My name is Amanda Lameman and I am 41 years old from Onion Lake Cree Nation. I self-identify as a proud Cree woman from the Treaty Six Territory. I am an Undergraduate student at University nuhelot’ine thaiyots’i nistameyimâkanak Blue Quills. I have been blessed with seven children and five grandchildren. I joined Women Warriors because I wanted to have a support system to help me get on track toward a healthier life. Everyone knows that it’s hard to achieve goals when you don’t have a positive support and for that reason I am thankful that I heard of Women Warriors. Some of the physical activities I enjoyed at Women Warriors are yoga and meditation because I believe these are great ways to reducing stress. Being a full-time student, mother and wife makes it hard for me to exercise daily but I go to the school exercise room when I have the time. Smudging, meditating and journaling are my ways of showing self-love. My favorite meal is moose meat, potatoes, vegetables and gravy. My philosophy to healthy living is to balance all aspects of the medicine wheel, keeping positive thoughts, getting enough sleep and drinking lots of water. Through my own struggles I realized that everyone is different, and we must learn to trust our own bodies and therefore not everything will work for you. The first step toward healthy living and an active life is to love yourself first and loving your surroundings will get easier after that.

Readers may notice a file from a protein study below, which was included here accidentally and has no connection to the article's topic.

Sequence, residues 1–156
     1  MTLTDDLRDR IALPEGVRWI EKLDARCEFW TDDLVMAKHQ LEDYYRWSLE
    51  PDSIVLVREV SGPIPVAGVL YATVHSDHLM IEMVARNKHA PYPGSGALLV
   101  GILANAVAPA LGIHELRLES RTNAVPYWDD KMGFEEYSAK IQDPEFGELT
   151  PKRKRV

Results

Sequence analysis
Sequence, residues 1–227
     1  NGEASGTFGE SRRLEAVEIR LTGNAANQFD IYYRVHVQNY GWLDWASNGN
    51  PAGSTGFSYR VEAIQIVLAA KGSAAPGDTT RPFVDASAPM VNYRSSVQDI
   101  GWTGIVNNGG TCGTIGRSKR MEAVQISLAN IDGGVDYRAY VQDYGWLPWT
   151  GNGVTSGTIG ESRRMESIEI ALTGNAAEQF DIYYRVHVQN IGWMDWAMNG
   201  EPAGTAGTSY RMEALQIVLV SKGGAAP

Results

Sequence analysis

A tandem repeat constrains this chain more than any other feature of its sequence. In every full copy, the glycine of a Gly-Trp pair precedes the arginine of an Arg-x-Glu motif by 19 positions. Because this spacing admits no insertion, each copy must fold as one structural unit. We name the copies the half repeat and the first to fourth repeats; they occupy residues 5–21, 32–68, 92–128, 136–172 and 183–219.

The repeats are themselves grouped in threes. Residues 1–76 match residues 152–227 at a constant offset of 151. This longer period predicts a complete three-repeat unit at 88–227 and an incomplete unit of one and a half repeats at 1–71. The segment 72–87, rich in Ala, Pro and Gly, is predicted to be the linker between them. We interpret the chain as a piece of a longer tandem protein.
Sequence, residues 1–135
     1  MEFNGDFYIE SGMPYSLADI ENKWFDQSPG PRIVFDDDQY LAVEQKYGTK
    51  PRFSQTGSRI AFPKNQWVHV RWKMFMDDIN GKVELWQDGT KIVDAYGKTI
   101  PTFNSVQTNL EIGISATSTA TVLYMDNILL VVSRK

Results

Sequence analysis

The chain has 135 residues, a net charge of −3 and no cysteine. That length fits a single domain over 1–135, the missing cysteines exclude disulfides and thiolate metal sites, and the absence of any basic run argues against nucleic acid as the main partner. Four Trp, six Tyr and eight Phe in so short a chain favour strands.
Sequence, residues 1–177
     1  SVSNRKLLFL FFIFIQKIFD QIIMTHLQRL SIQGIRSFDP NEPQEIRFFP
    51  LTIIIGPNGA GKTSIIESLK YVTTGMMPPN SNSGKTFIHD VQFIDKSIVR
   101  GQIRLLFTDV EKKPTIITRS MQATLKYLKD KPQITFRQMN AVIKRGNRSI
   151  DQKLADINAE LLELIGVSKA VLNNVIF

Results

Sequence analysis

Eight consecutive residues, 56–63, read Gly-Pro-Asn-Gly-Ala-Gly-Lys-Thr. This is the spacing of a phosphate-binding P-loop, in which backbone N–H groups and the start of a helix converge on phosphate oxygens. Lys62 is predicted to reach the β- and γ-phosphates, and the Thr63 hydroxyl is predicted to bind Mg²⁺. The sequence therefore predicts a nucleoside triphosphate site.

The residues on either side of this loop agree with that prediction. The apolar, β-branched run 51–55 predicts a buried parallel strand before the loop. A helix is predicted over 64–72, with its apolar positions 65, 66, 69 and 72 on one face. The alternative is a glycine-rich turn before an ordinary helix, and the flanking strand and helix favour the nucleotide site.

Next week’s newsletter is special guest writer and editor, Rhonda Kronyk. I met her at the Edmonton Writing Stick conference June 2017 and we have kept in contact through Twitter. I asked her to write a piece pertaining to Indigenous women’s health and she replied:

I personally haven’t had any issues. But if you’re interested in a side story that is related…

I’m an editor who specializes in working with Indigenous stories. A colleague recently asked me to review parts of a manuscript she was editing by a Calgary doctor that was going to be published in a Canadian journal. I was shocked when I read the excerpts she sent me. The writing used stereotypes of Indigenous people who wouldn’t seek out health care or listen to medical advice. He embodied systemic racism in medical care in almost every sentence my friend sent me. I could tie that in with news stories about Indigenous people being ignored in health care. Add to that the fact that women’s issues are often not taken seriously and Indigenous women face a double whammy.

I’m currently trying to revive the Indigenous Editor’s Circle for exactly this reason – until Indigenous people are involved in more aspects of publishing, this kind of writing will continue to fill popular books and academic books and journals.